OK, hear me out, but I think there’s a Frog Messiah coming. I’ve been researching the signs and prophecies; I’m on some Da Vinci Code shit here. I’ve never seen/read The Da Vinci Code, but it’s about a messiah, yeah?
Obviously, I first saw the signs during the height of Dat Boi. “There are a lot of memes about frogs, huh?” I asked my editor. “That’s a thing, right?” He said I was the fourth writer to point that out to him.
And he told me to figure out why.
— Good Morning America (@GMA) June 22, 2016
But I stopped to ask myself: Why are we all noticing this? Sure, there are a lot of frog-based memes, but it’s nothing next to cats. There’s Grumpy Cat, Longcat, Nyancat, LOLcats, Business Cat, Ceiling Cat, Hipster Kitty, Maru, Pusheen, Garfield Minus Garfield—and I’m just cherry-picking. I’m not just saying “the internet has a lot of cats,” I’m saying cats get a new specific meme character, like, every day.
Dogs a little less so, but we’ve still got Advice Dog, Cool Dog, Birthday Dog, Vietnam Flashback Cupcake Dog, Dogshaming, Dog Fort, Benton, Menswear Dog, Skateboarding Dog, Hello Yes This Is Dog, Boston Dynamics Big Dog, Texts From Dog, Stoner Dog, and Doge.
And so on down the hierarchy. Birds have Bird Rights Activist and Birds With Arms; sharks have Left Shark and Fuck Yeah Sharks. Even unicorns have Charlie the Unicorn and Robot Unicorn Attack, and they’re not even real. But none of these make us stop and think: “Huh, that animal is oddly popular for memes.”
Here’s my first theory: Most of these animal memes say something about the species. Cats are playful/grumpy, dogs are friendly and optimistic. Sharks are celebrated as cool or ironically depicted as dorky. But what about the frog memes?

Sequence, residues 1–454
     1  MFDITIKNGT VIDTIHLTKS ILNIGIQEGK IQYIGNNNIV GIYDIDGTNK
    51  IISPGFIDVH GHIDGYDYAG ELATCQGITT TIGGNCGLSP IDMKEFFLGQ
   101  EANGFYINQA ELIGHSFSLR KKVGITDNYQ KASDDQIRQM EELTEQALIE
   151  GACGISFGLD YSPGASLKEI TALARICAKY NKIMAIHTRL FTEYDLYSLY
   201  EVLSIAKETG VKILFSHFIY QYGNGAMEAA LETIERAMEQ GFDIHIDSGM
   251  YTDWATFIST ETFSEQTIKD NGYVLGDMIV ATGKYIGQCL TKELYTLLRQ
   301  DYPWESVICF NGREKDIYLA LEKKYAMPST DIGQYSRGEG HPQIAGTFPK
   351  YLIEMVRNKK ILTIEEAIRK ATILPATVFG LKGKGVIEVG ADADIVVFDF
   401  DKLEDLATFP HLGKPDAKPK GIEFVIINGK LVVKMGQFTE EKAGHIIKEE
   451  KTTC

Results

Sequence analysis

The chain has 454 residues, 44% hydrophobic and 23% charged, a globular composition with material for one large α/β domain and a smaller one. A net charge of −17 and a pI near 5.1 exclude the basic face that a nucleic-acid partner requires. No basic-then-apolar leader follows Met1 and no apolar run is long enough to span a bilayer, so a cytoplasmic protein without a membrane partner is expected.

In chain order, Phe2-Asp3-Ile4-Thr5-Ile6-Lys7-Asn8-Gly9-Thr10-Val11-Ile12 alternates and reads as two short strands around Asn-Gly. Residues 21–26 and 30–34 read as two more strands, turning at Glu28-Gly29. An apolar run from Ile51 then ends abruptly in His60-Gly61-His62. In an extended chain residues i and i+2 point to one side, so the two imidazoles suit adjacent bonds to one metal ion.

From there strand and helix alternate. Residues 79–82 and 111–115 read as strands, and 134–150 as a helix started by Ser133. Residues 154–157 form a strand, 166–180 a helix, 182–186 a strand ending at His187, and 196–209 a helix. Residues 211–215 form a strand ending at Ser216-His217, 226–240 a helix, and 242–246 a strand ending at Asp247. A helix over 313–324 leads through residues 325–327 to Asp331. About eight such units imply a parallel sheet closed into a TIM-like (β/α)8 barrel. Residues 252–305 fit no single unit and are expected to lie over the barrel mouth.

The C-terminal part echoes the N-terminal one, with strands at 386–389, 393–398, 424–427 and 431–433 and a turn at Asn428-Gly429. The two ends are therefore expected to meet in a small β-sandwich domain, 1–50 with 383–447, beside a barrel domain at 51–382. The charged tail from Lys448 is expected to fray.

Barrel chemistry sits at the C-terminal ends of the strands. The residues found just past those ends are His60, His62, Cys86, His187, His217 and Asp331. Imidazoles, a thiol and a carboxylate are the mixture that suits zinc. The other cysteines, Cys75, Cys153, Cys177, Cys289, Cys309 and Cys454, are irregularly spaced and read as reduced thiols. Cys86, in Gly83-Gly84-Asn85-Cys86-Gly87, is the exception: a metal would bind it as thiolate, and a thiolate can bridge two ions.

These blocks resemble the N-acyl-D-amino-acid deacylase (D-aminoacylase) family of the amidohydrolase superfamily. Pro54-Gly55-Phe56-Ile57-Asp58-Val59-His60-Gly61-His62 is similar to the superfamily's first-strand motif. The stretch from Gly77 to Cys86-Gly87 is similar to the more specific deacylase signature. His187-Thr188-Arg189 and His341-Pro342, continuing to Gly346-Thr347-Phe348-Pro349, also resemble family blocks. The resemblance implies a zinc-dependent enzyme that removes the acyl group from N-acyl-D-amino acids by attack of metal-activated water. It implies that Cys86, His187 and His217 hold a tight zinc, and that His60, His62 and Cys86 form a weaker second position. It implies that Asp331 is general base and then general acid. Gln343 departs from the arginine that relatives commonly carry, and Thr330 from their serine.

The big frog memes are Foul Bachelor Frog, Pepe, #tealizard, and Dat Boi. (Hypnotoad doesn’t count—it’s a toad.) What do these memes say about frogs? Nothing coherent. FBF is gross, which might be somewhat froggy. Dat Boi is chill and athletic, which you could argue are froglike qualities. But there’s no commentary on the typical frog in the smug “but that’s none of my business” of #LiptonAmphibian.
Pepe the Frog doesn’t even have a particular vibe—he’s an everyman whose expressions range from detached to regretful to furious. Dude gets drawn so many ways he’s like a one-man rage comic:
Putting these back in chronological order, there’s lowly Bachelor Frog, trod-upon everyman Pepe, judgmental #HotDrinkMuppet, and the universally beloved Dat Boi, celebrated everywhere he rolls. Each major frog meme, over time, has been higher status than the last.
I feel I’ve lost some of you here. Who cares about fictional social status? Ah, but each of these memes is also more popular than his predecessor.
Bachelor Frog was just part of the Advice Animals crew, always living in Courage Wolf’s shadow. Then Pepe got his own following, so popular on 4chan and Reddit and Tumblr that rare Pepes are now worth millions. But he was still a meme for the Weird People, not the normies—as evidenced by the freakout over Nicki Minaj and other celebrities posting Pepe.